How to Choose a Rolling Pin

Six questions to ask yourself before choosing and buying a rolling pin for decorated sugar cookies.

How to pick a rolling pin for cookie decorating

I can't say it enough -- there are infinite RIGHT ways to decorate cookies. If it works for you -- it's the right way. If it doesn't - try something else! The same holds true for decorating tools. Some people swear by icing bottles. Some people use disposable piping bags without any tips at all. Maybe you think plastic cutters are the best...or maybe you only use copper cutters. When it comes to choosing the right tools - BUY ALL THE THINGS seems like the most common approach. But unless you want a cabinet overflowing with rolling pins...I've got six questions you need to ask yourself before you buy a new rolling pin.

1. How many cookies am I going to bake at one time? Rolling pins with a longer rolling space can roll out more dough at one time than rolling pins with a shorter rolling space. This means you spend less time rolling. And if you are using flour to roll out your dough - this increases the amount of cookies you get before the dough gets wonky.

2. Where in the world am I going to store this thing? Seriously - MEASURE your drawer or cabinet before buying a rolling pin. Bigger isn't better if it doesn't fit!

3. Will I use this rolling pin ONLY for cookies...or for a myriad of delicious baked goods? Some of these rolling pins have a built in thickness guide on the ends - some removable and some not. What might be perfect for cookies...may or may not work for pie crust or biscuits. Consider all the possible ways you will use a rolling pin before committing to the thickness guides they come with.

4. What dough thickness guide works for me? There are many different types of thickness guides (guide rings, guide sticks, guide boards...) Some of these rolling pins come with built in guides, some do not. If you prefer using guide sticks instead of guide rings...maybe don't buy a rolling pin that requires guide rings.

5. How much do I want to spend? A rolling pin is a tool you will use EVERY. SINGLE. TIME. you make cookies. If you can't afford to buy the rolling pin you really want - see if you can get by with a $6 grocery store rolling pin for a few months until you can save up for a rolling pin you'll want to spend your life with. There is already a lot of prep work before you ever get to decorating cookies - don't make it any more miserable than it needs to be. That being don't have to spend a million dollars to get a rolling pin you'll love. (Probably.)

6. Do I care what it feels like? You are going to be maneuvering that rolling pin with your hands. Do you prefer handles? Does the feel of wood weird you out? Do you want a fat ol' rolling pin to push around or a tiny one that you can really grab on to? Do you want it to be heavy or light?

I won't pretend to know everything about every rolling pin in existence. But I can give you all the details for the rolling pins I do own. (FIVE ROLLING PINS?! I'm embarrassed to admit that these aren't even all of the rolling pins I own. Learn from me. Save yourselves.)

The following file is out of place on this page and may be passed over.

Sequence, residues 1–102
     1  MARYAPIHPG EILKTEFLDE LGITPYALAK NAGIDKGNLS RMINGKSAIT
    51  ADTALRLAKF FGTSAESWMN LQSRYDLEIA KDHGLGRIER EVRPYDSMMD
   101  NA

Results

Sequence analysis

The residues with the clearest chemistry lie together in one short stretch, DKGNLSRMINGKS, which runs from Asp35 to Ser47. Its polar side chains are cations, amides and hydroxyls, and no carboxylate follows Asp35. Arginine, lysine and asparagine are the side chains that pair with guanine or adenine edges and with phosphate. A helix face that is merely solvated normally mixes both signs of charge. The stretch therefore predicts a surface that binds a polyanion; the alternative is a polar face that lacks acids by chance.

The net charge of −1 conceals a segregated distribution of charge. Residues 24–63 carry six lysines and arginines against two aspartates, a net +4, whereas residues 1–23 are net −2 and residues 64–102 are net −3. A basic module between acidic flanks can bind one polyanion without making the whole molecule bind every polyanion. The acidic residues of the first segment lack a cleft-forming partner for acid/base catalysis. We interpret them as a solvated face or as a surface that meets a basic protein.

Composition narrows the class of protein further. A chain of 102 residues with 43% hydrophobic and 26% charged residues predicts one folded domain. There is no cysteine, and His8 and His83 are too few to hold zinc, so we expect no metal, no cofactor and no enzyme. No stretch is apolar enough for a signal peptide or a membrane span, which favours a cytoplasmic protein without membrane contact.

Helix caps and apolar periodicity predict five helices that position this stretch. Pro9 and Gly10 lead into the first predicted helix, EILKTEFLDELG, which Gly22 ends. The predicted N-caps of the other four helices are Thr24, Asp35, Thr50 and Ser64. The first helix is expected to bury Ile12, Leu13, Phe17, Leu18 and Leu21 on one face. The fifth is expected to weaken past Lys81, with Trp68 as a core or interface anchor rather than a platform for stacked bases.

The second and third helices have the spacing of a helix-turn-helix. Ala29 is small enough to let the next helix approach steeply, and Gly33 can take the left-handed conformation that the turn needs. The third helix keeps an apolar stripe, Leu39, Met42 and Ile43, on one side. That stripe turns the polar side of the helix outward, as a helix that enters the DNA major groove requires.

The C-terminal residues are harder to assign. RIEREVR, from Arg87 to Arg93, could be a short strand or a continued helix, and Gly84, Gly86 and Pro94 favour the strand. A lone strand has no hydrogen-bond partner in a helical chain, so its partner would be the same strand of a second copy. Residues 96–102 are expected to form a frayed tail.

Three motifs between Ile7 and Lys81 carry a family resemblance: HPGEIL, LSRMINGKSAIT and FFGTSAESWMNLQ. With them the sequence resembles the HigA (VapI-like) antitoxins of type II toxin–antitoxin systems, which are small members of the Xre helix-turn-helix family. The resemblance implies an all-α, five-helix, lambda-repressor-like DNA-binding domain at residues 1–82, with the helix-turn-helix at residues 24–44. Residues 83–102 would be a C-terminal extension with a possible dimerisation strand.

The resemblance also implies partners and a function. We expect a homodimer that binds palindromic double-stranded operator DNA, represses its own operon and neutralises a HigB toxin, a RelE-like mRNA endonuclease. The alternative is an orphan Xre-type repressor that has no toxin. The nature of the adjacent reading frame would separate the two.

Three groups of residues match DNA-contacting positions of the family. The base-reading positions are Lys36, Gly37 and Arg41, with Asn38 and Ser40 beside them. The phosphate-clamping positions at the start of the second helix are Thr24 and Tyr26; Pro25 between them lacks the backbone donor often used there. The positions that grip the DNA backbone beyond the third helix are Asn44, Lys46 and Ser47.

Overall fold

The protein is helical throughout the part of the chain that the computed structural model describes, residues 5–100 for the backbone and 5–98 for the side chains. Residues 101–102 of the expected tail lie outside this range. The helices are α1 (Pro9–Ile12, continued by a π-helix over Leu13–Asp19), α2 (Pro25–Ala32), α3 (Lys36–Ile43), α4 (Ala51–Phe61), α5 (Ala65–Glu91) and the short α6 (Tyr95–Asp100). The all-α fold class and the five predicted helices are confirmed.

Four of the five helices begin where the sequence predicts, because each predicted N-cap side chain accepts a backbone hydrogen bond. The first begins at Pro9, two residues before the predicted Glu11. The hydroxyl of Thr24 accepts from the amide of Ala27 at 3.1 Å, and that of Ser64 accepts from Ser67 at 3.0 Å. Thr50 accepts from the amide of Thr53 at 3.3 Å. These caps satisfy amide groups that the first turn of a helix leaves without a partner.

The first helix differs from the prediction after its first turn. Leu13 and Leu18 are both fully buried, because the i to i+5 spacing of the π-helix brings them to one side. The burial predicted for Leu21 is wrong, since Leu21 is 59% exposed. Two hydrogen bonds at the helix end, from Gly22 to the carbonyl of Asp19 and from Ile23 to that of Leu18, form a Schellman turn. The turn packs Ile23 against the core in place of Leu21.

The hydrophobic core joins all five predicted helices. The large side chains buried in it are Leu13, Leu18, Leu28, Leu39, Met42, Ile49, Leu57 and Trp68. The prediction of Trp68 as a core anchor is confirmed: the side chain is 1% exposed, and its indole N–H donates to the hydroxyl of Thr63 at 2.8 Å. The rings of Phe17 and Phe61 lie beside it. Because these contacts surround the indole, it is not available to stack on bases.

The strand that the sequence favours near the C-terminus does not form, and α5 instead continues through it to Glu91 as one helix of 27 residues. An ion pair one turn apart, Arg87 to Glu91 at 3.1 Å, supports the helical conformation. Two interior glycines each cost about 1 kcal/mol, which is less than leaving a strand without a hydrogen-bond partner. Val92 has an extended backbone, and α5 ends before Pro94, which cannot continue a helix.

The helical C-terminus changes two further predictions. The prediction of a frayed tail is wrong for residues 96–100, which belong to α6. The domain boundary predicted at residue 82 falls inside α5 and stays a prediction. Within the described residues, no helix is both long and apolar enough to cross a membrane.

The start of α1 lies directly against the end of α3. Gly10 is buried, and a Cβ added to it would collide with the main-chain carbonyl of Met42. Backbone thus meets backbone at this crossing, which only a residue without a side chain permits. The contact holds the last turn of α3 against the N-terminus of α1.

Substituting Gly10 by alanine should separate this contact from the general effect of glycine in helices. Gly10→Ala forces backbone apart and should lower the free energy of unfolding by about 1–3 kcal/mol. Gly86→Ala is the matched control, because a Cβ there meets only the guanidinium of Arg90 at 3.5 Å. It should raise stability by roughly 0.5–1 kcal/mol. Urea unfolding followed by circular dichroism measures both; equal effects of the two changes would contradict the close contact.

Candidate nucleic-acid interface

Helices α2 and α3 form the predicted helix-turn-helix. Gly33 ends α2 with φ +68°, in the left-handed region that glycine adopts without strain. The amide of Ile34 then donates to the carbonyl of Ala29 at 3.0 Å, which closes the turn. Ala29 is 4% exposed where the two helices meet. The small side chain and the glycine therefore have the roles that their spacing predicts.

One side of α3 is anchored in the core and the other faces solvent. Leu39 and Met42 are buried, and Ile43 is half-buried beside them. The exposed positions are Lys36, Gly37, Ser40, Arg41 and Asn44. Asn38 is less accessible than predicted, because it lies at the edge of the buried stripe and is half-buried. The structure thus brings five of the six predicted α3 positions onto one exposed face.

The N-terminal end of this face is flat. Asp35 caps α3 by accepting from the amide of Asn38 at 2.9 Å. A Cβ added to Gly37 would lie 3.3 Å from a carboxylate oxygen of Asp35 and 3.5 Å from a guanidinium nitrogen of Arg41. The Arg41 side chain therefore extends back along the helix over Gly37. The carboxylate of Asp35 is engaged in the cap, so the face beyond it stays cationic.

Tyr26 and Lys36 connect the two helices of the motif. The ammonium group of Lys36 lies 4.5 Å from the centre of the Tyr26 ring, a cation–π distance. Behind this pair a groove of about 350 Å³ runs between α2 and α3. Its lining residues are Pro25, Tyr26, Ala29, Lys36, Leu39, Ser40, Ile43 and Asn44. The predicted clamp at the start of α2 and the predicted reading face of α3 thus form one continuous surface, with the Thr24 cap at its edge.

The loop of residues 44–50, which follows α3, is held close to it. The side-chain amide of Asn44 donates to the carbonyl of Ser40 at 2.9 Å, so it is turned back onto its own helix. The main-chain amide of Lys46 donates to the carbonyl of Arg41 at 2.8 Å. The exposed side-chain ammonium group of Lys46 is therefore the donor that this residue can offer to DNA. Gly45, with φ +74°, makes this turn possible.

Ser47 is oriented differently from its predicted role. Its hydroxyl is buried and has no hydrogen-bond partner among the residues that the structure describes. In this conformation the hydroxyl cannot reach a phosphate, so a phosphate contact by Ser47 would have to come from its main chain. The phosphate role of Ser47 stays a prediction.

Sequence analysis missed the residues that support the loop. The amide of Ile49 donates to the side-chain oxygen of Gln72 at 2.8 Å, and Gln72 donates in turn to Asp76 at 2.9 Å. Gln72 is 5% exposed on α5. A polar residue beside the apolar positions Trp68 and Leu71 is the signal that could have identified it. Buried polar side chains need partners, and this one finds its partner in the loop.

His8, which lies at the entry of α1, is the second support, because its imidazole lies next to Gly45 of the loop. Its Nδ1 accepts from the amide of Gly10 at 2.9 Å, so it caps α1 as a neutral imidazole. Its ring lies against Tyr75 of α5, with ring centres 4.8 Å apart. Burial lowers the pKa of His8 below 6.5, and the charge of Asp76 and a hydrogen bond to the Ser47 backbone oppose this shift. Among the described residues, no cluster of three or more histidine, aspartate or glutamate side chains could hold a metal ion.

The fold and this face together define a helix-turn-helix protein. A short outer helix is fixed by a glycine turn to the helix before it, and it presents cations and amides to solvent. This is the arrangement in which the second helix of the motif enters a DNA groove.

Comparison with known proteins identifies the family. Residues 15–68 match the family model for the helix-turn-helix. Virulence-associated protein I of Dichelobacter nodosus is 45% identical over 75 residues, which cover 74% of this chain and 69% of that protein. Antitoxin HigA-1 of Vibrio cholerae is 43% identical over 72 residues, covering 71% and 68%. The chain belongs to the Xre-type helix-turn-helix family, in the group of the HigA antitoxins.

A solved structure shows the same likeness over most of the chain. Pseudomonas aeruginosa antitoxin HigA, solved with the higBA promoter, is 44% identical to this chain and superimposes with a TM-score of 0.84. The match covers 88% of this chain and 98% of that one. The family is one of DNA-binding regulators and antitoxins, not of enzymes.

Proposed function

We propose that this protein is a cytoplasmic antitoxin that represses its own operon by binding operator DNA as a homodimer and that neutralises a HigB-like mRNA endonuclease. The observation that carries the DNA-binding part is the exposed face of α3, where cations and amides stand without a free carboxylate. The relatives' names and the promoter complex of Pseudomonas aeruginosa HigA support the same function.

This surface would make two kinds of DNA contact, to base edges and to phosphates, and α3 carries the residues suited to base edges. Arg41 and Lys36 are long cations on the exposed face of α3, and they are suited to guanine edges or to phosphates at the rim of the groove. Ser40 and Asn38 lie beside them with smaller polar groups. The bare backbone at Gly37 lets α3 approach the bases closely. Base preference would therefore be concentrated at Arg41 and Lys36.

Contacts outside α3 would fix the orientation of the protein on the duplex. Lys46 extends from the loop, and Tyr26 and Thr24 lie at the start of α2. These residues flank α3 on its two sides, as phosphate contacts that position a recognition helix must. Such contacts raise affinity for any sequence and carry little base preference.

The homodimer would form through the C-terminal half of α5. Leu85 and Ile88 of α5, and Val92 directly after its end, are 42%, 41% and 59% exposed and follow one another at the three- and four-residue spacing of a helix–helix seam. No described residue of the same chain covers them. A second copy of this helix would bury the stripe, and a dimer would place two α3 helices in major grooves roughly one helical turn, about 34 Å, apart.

Joseph Joseph rolling pin for making decorated sugar cookies

Type: Joseph Joseph
Full Length: 16.5 inches  (42 cm)
Rolling Space: 13.5 inches (34 cm)
Diameter: 1.75 inches (44.5 mm)
Weight: 16.9 ounces (480 grams)
Thickness Guides: Adjustable -- 1/16 inch, 1/6 inch, 1/4 inch, and 3/8 inch rings.
Handles: None.
Material: Solid beech wood pin and plastic guide rings.

Stainless Steel rolling pin for making decorated sugar cookies

Type: Checkered Chef Stainless Steel French Rolling Pin
Full Length: 15.5 inches (39 cm)
Rolling Space: 15.5 inches (39 cm)
Diameter: 1.5 inches (36 mm)
Weight: 9.5 ounces (268 grams)
Thickness Guides: None. Use rolling pin rings or guide sticks.
Handles: None.
Material: Hollow core stainless steel. (Can be chilled before rolling.)

Wilton rolling pin for cookie decorating

Type: Wilton Fondant Roller
Full Length: 20 inches (51 cm)
Rolling Space: 20 inches (51 cm)
Diameter: 1.62 inches (41 mm)
Weight: 22.4 ounces (635 grams)
Thickness Guides: Removable and adjustable -1/16 inch, 1/8 inch, and 3/16 inch.  Can also be used with guide sticks.
Handles: None.
Material: Solid plastic pin and rubber guide rings.

The Cookie Countess Precision Rolling Pin for making decorated sugar cookies

Type: The Cookie Countess Precision Rolling Pin
Full Length: 25.5 inches (65 cm)
Rolling Space: 16 inches (40.5 cm)
Diameter: 2.25 inches (57 mm)
Weight: 30.7 ounces (870 grams)
Thickness Guides: Attached. Not adjustable. Choose 1/4" or 3/8" thick guides.
Handles: Yes.
Material: Solid birch wood.

Sweet Sugarbelle rolling pin for making decorated sugar cookies

Type: Sweet Sugarbelle
Full Length: 17 inches (43 cm)
Rolling Space: 14 inches (35.5 cm)
Width: 1.75 inches (44.5 mm)
Weight: 10.9 ounces (309 grams)
Thickness Guides: Adjustable -- 1/8 inch, 1/4 inch, 3/8 inch, and 1/2 inch rings.
Handles: None.
Material: Hollow core plastic pin and rings.

In case you are wondering... I use the white Wilton rolling pin with my DoughEZ mat most of the time. I like the weight and length of that rolling pin. And I like that I don't need to use flour when I use the DoughEZ mat. And since there is no guide on the end of the rolling pin, I can roll out as much or as little dough as I like!


Are you ready to get rolling? Check out HOW NINE EXPERTS ROLL OUT THEIR DOUGH!

Did I miss one? Do you have a favorite rolling pin that isn't on the list? Let me know in the comments below so I can "research" it! 😁


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